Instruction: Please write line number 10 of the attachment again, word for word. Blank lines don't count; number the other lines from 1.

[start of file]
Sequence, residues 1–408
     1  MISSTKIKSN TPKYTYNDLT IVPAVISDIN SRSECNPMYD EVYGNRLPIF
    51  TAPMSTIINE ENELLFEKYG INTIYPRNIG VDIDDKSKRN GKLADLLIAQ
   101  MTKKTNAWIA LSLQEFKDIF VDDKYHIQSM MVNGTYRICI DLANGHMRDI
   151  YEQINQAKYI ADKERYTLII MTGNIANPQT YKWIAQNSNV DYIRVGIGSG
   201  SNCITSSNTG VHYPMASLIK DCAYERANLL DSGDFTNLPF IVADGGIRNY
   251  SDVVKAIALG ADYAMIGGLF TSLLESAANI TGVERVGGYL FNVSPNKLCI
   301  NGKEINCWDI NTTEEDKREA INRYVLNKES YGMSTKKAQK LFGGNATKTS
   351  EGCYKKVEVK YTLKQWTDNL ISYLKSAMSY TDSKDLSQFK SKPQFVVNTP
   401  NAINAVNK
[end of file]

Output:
   401  NAINAVNK